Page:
nutritional and antinutritional detected in 100g of berberry were 11102.81μg ± 2.01 of
Vitamin C, 116.03μg ± 1.12 of Malic acid and 20.51μg ± 0.59 of Tannin.
Keywords: Antioxidant, Berberis vulgaris, Thiobarbituric acid, Vitamin C, Malic acid,
Tannin, HPLC.
Medicinal plant research includes much more than the discovery of new drugs. This field has been
expanding to also include such diverse subjects as negotiation of power based on medicinal plant
knowledge (Garro, 1986) and the co-evolution of humans and plants (Alcorn, 1981). The field also
provides opportunities to study how human interaction with biological diversity is influenced by
human psychology, cognition, and evolution. Therefore the identification of active plant chemicals is
Using HPLC to Determination the Composition and Antioxidant Activity of Berberis Vulgaris 48
an essential component of modern pharmacognosy and medical effects are not necessarily restricted to
a single plant chemical. The biological activity and clinical value of the whole plant, as in medicinal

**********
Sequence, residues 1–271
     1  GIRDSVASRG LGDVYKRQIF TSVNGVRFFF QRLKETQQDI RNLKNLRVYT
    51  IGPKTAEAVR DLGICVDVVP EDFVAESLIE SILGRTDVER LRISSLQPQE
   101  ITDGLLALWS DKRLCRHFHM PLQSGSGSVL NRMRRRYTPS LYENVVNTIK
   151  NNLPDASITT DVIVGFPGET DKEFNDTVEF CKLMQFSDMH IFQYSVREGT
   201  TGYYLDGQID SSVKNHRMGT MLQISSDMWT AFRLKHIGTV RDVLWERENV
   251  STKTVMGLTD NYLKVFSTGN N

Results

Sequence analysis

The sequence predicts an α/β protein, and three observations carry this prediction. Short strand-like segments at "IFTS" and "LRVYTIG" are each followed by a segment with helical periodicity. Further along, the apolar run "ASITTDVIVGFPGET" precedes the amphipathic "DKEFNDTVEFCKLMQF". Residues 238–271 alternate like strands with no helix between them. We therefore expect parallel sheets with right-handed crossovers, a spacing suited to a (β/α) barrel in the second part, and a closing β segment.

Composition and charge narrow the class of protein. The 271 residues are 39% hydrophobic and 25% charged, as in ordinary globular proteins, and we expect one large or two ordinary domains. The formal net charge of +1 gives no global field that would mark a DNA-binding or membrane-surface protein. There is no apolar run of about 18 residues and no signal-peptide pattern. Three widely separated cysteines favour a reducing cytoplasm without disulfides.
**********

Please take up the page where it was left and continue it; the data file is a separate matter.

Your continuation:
herbalism, is also being pursued (Pasquale, 1984).
The importance of identification of active plant chemicals does not limit itself to local
Malaysian plants but also sparks an inquisitive knowledge to foreign plants. This effort leads to study a
non-native plant called Berberis vulgaris which predominantly found in Northern Asia and Europe
(Chevallier, 2001).
The determination of nutritional and anti-nutritional compounds in Berberis vulgaris or
berberry fruits is very important as this fruit in a part of daily diet of certain people. Their presence and
relative ratio, in fact, can affect the chemical and sensorial characteristics of the matrix (e.g., pH, total
acidity, microbial stability, sweetness, global acceptability) and can provide precious information on
food wholesomeness or on how to optimize some selected technological processes (Romero, et al
1992). The nutritional values such as vitamin components, antioxidant compounds in this plant might
be invaluable for treating diseases as more secrets within this plant are yet to be discovered. Hanachi et